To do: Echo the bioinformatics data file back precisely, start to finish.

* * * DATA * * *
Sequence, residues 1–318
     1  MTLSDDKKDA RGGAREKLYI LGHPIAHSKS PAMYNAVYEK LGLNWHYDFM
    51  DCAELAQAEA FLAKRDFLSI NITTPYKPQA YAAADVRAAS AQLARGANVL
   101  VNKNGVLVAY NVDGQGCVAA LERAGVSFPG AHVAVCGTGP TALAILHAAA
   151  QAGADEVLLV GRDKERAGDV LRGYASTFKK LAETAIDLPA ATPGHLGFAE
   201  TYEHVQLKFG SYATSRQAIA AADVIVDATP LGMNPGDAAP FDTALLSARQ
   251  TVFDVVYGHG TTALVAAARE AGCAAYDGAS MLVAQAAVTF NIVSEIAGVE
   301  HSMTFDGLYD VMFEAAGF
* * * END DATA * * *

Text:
Sequence, residues 1–318
     1  MTLSDDKKDA RGGAREKLYI LGHPIAHSKS PAMYNAVYEK LGLNWHYDFM
    51  DCAELAQAEA FLAKRDFLSI NITTPYKPQA YAAADVRAAS AQLARGANVL
   101  VNKNGVLVAY NVDGQGCVAA LERAGVSFPG AHVAVCGTGP TALAILHAAA
   151  QAGADEVLLV GRDKERAGDV LRGYASTFKK LAETAIDLPA ATPGHLGFAE
   201  TYEHVQLKFG SYATSRQAIA AADVIVDATP LGMNPGDAAP FDTALLSARQ
   251  TVFDVVYGHG TTALVAAARE AGCAAYDGAS MLVAQAAVTF NIVSEIAGVE
   301  HSMTFDGLYD VMFEAAGF